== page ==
Until the 1960s all the sand for Canadian Pacific Railway locomotives in Western Canada came from the pits near Empress, Alberta. Since then, it has mainly come from Bruderheim, Alberta. Sand is such an effective means of providing traction that it is widely used by all sorts of trains, including the C-Trains on Calgary's Light Rail Transit system.

Many sand houses were required across Canada during the period of steam locomotive operations. This example of a sand house and tower once existed in the Victoria West yard next to the Russell's Roundhouse on the Esquimalt & Nanaimo Railway.

During the 1920s, the CPR built a sand tower and house at Alyth yards to a standard plan used since 1903 or 1904. Sometime during the 1960s it was moved to the yard at Red Dear, Alberta. It remained in use there until 1976, when the CPR decided to donate it to Heritage Park.
Heritage Park's sand tower is not used at present. Besides the fact that the sand tower is missing the sand house, wet bin, and other equipment necessary to function, the rail line through the Park does not have any steep grades, so sand isn't really necessary. Furthermore, the train is rarely used during the winter months, so there is little chance that the train would ever slip on ice or snow. In 1997 the tower was restored and painted.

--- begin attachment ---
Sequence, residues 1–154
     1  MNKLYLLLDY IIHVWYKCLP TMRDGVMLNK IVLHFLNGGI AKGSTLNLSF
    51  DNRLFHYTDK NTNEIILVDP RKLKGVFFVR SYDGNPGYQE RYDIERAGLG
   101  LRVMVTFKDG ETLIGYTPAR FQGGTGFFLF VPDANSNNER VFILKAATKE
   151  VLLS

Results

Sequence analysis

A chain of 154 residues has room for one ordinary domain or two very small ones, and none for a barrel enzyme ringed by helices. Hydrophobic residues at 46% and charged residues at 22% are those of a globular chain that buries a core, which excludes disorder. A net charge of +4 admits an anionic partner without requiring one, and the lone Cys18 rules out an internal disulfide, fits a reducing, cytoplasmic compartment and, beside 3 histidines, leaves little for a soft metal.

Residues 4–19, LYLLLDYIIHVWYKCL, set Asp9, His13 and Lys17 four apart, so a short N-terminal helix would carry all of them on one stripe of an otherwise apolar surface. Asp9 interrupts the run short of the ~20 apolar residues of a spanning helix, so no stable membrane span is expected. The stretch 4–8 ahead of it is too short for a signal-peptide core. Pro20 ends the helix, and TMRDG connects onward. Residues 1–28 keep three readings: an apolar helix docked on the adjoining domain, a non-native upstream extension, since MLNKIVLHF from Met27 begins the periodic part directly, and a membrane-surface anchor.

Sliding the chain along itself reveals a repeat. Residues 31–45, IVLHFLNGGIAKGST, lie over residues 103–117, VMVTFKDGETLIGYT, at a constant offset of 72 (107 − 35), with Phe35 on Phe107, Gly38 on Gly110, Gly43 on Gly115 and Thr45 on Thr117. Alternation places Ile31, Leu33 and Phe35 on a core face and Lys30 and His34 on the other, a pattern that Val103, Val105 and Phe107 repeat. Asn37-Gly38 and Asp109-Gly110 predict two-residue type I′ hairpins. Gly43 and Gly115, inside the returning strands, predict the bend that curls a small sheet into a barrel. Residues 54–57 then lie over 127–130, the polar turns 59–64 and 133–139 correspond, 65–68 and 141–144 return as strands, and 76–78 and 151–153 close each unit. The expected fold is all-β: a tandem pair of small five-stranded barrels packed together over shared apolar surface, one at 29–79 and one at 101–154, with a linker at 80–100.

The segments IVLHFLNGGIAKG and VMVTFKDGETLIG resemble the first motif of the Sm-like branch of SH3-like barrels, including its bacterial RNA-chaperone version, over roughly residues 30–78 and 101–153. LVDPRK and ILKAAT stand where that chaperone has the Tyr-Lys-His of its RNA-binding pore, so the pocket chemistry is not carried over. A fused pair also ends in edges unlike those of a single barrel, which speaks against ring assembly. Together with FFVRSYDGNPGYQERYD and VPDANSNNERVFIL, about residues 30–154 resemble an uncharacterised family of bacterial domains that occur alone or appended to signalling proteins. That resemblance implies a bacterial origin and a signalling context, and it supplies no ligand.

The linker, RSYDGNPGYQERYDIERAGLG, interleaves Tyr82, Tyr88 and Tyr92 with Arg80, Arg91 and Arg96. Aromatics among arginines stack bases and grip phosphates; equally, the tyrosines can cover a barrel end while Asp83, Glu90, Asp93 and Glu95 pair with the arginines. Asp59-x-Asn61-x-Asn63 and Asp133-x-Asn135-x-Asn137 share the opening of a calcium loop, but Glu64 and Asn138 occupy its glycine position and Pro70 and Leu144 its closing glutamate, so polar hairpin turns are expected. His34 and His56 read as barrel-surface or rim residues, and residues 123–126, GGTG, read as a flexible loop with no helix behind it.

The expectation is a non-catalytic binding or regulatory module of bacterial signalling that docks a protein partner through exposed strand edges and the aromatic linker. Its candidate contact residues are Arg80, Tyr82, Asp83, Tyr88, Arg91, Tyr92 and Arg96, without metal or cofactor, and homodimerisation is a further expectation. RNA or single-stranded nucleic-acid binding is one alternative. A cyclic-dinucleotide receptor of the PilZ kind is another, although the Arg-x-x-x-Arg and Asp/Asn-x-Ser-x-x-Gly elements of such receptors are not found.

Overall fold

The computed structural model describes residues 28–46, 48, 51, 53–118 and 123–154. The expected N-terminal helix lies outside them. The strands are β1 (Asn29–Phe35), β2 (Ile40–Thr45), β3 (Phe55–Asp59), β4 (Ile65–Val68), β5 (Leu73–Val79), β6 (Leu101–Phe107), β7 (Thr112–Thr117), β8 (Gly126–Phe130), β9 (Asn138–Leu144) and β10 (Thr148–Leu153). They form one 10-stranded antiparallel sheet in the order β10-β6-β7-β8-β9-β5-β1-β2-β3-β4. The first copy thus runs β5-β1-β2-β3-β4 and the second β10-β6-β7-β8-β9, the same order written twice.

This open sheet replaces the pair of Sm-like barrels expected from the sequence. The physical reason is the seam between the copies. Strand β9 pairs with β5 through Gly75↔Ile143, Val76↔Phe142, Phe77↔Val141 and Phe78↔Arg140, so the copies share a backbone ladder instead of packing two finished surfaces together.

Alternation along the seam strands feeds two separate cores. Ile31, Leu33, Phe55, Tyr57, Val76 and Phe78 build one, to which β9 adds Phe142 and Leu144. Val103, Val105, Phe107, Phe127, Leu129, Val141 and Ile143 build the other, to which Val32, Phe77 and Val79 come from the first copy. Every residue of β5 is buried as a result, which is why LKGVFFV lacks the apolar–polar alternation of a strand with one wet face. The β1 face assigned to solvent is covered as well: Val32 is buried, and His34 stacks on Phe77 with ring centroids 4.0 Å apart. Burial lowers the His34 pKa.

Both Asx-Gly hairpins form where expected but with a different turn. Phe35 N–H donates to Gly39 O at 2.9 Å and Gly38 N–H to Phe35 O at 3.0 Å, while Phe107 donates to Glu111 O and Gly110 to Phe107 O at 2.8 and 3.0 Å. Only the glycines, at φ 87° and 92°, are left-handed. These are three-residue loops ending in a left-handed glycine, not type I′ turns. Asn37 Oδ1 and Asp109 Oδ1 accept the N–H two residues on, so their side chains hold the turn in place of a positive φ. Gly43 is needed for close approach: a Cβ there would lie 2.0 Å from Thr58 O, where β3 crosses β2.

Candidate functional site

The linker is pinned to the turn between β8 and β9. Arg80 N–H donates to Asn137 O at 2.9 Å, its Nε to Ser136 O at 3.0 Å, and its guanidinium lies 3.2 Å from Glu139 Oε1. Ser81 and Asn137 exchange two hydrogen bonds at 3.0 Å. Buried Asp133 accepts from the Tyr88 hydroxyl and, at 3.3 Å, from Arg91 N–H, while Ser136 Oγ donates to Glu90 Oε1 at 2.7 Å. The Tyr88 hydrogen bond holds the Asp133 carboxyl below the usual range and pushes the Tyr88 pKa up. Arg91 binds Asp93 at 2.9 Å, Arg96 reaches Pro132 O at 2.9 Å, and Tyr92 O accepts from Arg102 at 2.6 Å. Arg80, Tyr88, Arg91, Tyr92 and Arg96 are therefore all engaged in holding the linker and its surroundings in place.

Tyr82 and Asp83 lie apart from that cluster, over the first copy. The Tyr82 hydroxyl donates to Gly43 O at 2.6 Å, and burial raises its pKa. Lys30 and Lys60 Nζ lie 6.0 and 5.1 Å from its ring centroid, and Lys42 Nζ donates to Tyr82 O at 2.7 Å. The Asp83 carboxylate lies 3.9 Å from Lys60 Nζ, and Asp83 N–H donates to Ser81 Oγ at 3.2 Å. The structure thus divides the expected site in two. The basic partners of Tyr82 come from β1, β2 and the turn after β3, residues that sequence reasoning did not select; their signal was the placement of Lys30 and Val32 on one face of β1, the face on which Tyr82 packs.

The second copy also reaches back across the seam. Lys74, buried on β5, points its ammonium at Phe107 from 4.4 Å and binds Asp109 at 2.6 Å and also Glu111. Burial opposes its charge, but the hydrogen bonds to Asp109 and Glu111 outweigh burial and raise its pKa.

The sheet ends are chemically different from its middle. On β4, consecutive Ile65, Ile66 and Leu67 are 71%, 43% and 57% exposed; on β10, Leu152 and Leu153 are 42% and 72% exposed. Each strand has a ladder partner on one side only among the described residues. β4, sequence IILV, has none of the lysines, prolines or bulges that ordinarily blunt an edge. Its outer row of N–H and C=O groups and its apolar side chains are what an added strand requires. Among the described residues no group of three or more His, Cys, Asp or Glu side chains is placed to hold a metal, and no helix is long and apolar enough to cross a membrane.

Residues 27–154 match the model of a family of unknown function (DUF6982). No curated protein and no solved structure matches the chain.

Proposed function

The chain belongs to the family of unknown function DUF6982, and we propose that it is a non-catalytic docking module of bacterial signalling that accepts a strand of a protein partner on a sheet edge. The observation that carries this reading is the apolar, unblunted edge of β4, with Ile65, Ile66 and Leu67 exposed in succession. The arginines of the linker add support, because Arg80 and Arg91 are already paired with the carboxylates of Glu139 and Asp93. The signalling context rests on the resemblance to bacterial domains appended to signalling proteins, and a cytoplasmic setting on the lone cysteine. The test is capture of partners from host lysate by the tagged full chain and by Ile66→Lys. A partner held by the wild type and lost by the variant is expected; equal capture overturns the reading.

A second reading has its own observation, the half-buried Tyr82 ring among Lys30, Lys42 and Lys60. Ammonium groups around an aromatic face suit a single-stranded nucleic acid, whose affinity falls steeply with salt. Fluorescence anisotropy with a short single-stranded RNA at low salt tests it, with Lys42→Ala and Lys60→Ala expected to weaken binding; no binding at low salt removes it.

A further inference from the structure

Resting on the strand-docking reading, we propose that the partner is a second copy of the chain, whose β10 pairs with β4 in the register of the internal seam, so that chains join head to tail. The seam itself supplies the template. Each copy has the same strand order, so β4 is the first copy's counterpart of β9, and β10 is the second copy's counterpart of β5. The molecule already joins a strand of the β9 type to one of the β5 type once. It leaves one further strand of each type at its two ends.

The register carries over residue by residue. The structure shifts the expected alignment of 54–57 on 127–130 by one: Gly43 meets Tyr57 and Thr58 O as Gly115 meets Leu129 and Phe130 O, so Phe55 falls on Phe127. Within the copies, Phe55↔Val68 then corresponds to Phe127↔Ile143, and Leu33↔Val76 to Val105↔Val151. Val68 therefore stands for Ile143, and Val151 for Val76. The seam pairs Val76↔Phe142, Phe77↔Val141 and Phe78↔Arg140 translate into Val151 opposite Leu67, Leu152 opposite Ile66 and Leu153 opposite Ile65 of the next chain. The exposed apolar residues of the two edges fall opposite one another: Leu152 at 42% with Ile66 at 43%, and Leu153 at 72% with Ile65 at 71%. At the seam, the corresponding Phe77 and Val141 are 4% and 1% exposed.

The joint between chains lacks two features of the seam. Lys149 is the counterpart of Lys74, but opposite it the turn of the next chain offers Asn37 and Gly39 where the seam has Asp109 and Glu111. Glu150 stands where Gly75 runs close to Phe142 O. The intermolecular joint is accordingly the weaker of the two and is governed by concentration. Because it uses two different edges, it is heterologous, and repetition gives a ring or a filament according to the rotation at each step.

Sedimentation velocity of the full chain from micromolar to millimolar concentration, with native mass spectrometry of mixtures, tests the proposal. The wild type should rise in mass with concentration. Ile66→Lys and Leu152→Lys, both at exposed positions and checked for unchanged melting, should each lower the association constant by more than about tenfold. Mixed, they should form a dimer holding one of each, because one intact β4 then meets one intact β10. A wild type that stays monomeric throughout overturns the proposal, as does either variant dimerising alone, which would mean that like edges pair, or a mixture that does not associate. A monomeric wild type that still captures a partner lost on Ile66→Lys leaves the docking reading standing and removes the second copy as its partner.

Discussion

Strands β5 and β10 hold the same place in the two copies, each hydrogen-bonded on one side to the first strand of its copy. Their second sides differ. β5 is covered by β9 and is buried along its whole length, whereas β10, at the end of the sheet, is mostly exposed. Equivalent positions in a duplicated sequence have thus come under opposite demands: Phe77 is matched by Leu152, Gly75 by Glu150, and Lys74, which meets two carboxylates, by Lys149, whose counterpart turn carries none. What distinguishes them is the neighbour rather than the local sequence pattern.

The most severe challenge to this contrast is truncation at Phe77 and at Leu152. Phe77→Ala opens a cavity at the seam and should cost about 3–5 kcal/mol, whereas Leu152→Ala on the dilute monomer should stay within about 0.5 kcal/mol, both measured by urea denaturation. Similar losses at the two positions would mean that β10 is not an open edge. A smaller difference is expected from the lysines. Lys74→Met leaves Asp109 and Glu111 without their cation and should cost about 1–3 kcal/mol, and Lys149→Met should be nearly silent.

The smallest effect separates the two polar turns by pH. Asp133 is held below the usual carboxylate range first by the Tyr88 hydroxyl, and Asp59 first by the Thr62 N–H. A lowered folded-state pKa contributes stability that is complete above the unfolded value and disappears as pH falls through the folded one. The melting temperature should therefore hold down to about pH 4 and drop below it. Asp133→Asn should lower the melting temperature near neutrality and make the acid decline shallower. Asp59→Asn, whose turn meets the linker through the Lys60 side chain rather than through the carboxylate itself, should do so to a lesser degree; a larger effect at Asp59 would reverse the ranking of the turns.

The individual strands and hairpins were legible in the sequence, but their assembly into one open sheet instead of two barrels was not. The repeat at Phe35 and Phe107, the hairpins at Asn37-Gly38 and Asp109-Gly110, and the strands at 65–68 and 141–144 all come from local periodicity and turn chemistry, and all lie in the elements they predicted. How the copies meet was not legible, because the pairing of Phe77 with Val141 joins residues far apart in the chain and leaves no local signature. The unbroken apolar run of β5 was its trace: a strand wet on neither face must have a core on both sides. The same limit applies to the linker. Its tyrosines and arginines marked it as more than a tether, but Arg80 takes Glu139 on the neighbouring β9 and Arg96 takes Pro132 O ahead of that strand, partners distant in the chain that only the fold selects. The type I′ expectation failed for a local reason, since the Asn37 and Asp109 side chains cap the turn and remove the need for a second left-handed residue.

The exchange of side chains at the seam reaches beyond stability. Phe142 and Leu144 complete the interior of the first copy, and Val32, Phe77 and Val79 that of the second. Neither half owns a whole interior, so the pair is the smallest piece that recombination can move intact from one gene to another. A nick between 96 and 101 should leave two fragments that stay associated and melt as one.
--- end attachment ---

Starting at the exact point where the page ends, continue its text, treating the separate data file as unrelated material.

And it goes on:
Up to top   Laggan Station 1891
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In 1883, the CPR's End of Steel reached what is now know as Lake Louise. The site was originally known as "The Summit" but was soon renamed Holt City, after either the CPR's chief engineer in the rockies, Herbert Holt, or his brother Tim, who was in charge of the commissariat at the construction headquarters at The Summit. Later in the year, the site was renamed "Laggan" after a Loch with the same name in Inverneshire, Scotland, in honour of Donald Smith. Smith, a Scotsman, was a primary shareholder and director of the CPR who later became known as Lord Strathcona. By 1885, the End of Steel headquarters had moved to Donald, British Columbia, leaving Laggan to the tourists.